Siegelson New York set to excite Masterpiece visitors with handpicked treasures with the finest provenance

NYC gem and jewellery dealer Siegelson is bringing to London a selection of handpicked wonders for Masterpiece 2014, the luxury jewellery, art and design fair.

Cartier's 1928 Art Deco Turtle clock, to be exhibited by Siegelson at Masterpiece London, features a clock face edged in gold with diamond-set hands in the form of a dragon, hidden inside a turtle’s shell decorated with black and turquoise enamel and ruby

By Ase Anderson in London

Conjure up in your mind all the superlatives you can think of and chances are it still won't be enough to do Siegelson's stand at Masterpiece justice.

Focusing on rare 20th century jewellery with an emphasis on diamonds and fine gemstones, Siegelson will be displaying a collection of handpicked pieces with the finest provenance at the London fair.

The third generation of the New York-based gem and jewellery dealer, Lee Siegelson is known in the industry and beyond for his discerning eye for spotting unique and significant creations. Vogue Paris succinctly described him as "New York's king of Jewellery, the Manhattan dealer who nourishes the dreams of high jewellery admirers".

Taking time out to speak to The Jewellery Editor in the busy run-up to this month's show, Lee says: "We are bringing a selection of masterpieces of 20th century jewellery design by makers such as Cartier, Van Cleef & Arpels, Suzanne Belperron, Jean Fouquet and Raymond Templier, as well as jewellery by Siegelson and several pieces by Daniel Brush."

The newest pieces on display include a diamond cuff by Mauboussin with two removable clip brooches and an extraordinary Cartier Art Deco turtle clock. The latter, a 1928 collaboration between Cartier and Maurice Couët, a gifted clockmaker, is Lee's favourite piece this year. It features a clock face, edged in gold with diamond-set hands in the form of a dragon, hidden inside a turtle's shell decorated with black and turquoise enamel and ruby cabochons, as well as carved rubies, emeralds and sapphires on the base. A rarely seen piece, the clock will also appear in the upcoming Cartier exhibition at the Denver Museum, as well as in the Museum's catalogue.

Every piece on the Siegelson stand will have earned its place there for being amazing in its own right, but an Art Deco natural pearl, emerald and diamond pendant brooch designed by Van Cleef & Arpels warrants a special mention. Dating back to 1926, it features an interlaced geometric motif set with mixed-cut diamonds as well as detachable pendant drops of pearl, diamond and emerald suspended from articulated diamond and pearl cascading fringes. Described as "the quintessential example of an Art Deco design", the brooch reflects the move in the jewellery industry in the late 1920s and 1930s towards abstract designs and a white palette with touches of bright colours.

Another of my favourites is a set of rings by Theodore B Starr, which seamlessly unite the elaborate swags of the Belle Epoque Era with the bold colours and geometric shapes of the Art Deco movement that followed it. The set of coloured stone and diamond acrostic stacking rings date back to the 1920s and spell out the word 'dear' with a square-cut diamond, a cabochon emerald, a cabochon amethyst and a cushion-cut ruby.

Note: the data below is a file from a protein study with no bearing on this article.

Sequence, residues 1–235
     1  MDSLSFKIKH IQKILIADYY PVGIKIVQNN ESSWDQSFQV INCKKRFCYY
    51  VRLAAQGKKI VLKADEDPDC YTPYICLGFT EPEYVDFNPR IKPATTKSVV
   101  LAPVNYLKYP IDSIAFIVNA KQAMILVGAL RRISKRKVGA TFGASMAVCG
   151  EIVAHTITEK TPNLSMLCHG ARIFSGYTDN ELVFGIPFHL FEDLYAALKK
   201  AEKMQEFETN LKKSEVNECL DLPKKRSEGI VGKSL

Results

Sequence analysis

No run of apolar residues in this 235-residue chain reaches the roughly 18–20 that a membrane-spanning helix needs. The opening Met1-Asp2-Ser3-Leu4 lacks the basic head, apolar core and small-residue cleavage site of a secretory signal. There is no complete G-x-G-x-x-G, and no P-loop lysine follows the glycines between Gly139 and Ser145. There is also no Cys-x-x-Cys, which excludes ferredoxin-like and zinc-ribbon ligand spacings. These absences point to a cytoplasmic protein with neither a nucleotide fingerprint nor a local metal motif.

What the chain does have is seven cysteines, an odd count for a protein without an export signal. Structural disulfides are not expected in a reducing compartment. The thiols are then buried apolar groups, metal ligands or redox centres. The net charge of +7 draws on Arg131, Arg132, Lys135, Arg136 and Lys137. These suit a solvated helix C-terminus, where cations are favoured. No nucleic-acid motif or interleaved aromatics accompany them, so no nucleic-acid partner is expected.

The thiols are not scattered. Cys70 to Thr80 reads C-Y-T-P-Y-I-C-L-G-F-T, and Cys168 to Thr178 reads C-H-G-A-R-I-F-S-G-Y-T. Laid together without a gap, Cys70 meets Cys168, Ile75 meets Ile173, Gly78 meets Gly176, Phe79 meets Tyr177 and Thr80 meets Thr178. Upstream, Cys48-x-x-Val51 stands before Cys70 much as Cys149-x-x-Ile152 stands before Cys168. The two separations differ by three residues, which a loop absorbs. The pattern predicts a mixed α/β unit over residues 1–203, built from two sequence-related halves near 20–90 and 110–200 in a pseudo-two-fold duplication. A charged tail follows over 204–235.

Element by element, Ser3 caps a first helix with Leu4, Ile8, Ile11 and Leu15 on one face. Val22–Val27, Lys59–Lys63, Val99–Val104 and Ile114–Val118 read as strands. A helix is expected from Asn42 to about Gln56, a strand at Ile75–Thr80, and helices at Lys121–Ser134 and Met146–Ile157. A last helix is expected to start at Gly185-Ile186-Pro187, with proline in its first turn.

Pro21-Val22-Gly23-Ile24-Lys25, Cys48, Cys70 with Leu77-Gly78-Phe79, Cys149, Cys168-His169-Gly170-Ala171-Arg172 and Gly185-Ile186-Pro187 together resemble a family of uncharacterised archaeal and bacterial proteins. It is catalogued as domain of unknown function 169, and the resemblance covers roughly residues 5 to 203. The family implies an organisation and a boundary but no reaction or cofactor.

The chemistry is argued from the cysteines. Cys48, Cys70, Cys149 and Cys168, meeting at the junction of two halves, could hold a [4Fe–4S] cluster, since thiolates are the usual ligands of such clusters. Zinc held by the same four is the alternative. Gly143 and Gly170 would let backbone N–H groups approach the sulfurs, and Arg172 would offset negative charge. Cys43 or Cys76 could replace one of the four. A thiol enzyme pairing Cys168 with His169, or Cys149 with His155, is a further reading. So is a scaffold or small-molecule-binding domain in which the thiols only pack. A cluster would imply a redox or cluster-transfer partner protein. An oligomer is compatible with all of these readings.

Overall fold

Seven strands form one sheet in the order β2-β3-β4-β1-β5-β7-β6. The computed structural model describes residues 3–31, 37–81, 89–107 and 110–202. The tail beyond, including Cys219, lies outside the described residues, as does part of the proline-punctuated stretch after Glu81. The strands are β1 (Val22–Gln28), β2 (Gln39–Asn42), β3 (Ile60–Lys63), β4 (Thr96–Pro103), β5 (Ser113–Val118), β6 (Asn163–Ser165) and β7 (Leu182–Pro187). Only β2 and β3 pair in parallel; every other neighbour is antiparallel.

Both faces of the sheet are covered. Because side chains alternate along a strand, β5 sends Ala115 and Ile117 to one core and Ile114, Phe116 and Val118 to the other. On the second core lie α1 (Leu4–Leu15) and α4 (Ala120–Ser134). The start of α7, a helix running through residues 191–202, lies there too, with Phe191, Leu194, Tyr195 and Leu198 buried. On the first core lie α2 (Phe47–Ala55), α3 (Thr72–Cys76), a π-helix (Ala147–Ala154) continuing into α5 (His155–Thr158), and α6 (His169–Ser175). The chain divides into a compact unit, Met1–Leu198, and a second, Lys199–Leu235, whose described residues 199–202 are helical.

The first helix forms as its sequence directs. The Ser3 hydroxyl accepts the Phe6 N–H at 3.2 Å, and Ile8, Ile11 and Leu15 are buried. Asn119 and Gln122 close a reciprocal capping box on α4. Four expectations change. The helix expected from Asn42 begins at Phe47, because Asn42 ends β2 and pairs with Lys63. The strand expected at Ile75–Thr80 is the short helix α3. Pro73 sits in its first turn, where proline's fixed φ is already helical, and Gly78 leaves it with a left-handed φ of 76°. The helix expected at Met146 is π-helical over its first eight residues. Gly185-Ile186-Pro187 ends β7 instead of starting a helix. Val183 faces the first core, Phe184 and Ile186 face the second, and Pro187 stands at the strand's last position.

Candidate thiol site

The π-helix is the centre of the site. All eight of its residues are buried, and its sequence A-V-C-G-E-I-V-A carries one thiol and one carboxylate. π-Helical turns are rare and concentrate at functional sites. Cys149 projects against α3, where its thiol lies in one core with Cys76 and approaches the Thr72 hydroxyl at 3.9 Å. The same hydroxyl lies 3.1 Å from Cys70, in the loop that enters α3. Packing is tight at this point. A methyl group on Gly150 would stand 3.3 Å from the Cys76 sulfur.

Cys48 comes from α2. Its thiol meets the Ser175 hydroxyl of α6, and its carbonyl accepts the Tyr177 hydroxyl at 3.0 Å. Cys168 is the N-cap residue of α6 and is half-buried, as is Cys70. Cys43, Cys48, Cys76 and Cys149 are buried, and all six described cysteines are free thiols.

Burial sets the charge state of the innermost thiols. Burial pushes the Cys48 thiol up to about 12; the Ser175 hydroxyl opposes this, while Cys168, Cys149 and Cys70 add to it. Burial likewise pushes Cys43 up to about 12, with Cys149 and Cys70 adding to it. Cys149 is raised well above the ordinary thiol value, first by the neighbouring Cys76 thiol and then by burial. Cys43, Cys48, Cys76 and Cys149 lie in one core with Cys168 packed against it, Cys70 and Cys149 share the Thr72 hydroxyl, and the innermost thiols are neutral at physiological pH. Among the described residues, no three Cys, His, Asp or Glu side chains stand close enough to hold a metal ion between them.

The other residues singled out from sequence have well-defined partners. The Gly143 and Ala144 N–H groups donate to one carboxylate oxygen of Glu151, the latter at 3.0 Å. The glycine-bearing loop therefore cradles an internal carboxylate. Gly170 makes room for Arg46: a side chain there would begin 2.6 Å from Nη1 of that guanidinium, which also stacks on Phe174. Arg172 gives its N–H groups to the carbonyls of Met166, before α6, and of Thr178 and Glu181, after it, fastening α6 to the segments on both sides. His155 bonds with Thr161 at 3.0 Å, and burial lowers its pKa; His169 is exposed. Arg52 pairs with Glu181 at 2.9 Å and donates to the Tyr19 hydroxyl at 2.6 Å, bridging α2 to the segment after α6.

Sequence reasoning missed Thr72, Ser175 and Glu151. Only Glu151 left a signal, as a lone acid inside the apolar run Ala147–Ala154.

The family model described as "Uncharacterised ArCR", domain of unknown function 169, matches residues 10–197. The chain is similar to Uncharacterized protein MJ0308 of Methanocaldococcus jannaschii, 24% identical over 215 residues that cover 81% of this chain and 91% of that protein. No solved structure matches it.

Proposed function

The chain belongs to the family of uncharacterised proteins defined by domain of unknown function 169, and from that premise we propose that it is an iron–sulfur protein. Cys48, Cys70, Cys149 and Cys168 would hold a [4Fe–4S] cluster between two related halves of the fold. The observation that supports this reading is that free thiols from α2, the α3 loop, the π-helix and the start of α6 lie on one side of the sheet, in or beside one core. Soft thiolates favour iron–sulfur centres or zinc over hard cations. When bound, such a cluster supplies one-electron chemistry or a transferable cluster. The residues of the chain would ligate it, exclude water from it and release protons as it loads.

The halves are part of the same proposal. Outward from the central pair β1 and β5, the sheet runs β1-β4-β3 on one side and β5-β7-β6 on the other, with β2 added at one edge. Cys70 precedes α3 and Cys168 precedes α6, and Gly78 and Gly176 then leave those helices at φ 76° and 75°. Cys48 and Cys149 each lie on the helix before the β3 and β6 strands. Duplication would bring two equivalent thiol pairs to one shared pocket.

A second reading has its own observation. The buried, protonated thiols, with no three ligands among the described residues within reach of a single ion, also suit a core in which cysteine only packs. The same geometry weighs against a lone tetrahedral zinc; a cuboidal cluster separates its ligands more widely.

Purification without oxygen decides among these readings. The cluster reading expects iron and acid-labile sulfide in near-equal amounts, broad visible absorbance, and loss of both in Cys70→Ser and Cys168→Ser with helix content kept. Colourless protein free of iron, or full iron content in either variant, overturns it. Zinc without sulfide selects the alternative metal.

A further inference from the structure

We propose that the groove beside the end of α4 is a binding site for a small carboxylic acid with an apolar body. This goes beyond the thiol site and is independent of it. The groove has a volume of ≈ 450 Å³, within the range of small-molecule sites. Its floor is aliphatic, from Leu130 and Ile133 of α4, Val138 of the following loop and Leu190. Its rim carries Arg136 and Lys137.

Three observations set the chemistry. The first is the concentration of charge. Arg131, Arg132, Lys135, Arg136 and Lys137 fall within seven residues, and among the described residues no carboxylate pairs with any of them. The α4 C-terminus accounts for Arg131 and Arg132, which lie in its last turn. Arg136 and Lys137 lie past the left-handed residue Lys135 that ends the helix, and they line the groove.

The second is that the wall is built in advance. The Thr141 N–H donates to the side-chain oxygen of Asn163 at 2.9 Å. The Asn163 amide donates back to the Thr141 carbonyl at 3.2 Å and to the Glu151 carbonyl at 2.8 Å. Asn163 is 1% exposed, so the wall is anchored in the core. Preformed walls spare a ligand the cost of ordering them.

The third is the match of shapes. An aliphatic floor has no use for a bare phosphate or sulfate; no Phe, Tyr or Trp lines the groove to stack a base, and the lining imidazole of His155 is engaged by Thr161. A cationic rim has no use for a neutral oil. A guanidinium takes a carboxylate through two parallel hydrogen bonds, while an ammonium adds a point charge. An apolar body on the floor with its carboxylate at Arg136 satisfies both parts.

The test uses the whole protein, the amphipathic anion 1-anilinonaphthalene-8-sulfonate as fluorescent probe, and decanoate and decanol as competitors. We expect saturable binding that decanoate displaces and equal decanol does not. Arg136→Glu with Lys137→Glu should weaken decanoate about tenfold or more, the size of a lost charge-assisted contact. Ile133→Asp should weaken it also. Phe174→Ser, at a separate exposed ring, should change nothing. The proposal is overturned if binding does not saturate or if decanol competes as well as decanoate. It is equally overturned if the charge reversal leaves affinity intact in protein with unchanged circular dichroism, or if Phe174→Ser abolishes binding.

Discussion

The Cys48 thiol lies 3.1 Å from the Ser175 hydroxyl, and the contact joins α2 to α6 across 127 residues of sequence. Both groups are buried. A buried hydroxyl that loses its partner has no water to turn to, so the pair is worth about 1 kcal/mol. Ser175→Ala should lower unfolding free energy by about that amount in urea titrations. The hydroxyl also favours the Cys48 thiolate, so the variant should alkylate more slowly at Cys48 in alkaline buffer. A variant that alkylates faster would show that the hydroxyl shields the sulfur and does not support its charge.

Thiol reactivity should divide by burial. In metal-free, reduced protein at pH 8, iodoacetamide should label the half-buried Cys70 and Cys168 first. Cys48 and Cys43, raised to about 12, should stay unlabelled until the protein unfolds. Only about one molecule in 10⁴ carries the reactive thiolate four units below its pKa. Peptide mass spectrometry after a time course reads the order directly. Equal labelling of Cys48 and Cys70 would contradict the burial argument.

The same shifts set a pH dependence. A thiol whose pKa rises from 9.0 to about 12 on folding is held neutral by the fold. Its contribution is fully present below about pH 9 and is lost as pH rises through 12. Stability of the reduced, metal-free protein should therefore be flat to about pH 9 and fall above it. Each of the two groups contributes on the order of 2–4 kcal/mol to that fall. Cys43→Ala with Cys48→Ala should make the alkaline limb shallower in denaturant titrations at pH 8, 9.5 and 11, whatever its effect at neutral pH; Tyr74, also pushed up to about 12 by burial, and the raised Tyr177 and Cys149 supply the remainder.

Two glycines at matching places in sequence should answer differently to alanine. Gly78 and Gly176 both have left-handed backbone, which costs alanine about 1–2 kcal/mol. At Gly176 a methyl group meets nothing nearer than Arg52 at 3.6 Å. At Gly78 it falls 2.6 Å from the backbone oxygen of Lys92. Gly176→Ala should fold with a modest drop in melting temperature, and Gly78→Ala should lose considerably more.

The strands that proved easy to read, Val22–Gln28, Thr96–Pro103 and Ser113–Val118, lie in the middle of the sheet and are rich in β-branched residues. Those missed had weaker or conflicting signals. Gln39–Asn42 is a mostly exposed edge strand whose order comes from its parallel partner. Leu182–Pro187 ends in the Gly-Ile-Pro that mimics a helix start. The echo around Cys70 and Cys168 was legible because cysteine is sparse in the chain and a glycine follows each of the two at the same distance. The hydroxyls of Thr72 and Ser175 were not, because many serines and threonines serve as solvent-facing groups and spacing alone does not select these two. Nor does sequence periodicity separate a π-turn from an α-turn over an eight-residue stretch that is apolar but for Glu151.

It is not all old pieces though. Lee still designs his own jewellery, and this month's Masterpiece exhibition will also see the launch of an exciting collaboration between Siegelson and London-based jeweller Lauren Adriana. A pair of spinel, diamond and pearl earrings and a blue diamond ring will be on display at the fair, both of which are imbued with Lauren's bold design aesthetic.

Siegelson will also be unveiling an extraordinary 23-carat Golconda diamond, appropriately named The Legend of Golconda.

Lee's approach to art and design was honed at Cranbrook Art Academy in Michigan, where he studied before joining the family business.  He says: " I learned to look for and respect the consideration and care that went into a piece of great design as opposed to the assembly line mentality. After I inherited the business, I began to buy only those things that fit with the ideal of simplicity, uniqueness and detail. Gradually my eye improved and I am proud of the pieces we offer today."

Perhaps unsurprisingly, his favourite era is Art Deco: "[It] was an exceptional flowering of design, and the pieces from that era evoke the excitement and boldness of a changing world through colour and form."

He also favours old cut stones, in particular diamonds, for their lack of perfect symmetry, which has become so prevalent in modern cuts in order to achieve high quality certifications. "The beauty of old diamonds is inherent in the slight asymmetry of the cut. These stones were fashioned by master stonecutters who took time to look at a stone and create the most beautiful shape and optical quality. In these stones, the asymmetry unquestionably adds to the overall appearance. Stonecutters were able to bring out the spirit of the stone, rather than a perceived mathematical perfection."

Lee's excitement at attending Masterpiece is tangible: "One of the top fine art fairs in the world, it is continuing to refine what is on offer, with top level exhibitors and top level clientele. [In the past] we have sold some excellent pieces, including a 1925 Georges Fouquet Art Deco diamond and rock crystal sautoir and a 1923 Cartier Art Deco diamond and black onyx brooch."

Now in its fifth year, Masterpiece London is fast becoming an unmissable event for jewellery lovers who want to see the very best of old and new from a selection of international and homegrown exhibitors.

This year's fair runs from June 26 to July 2 at the Royal Hospital Chelsea.

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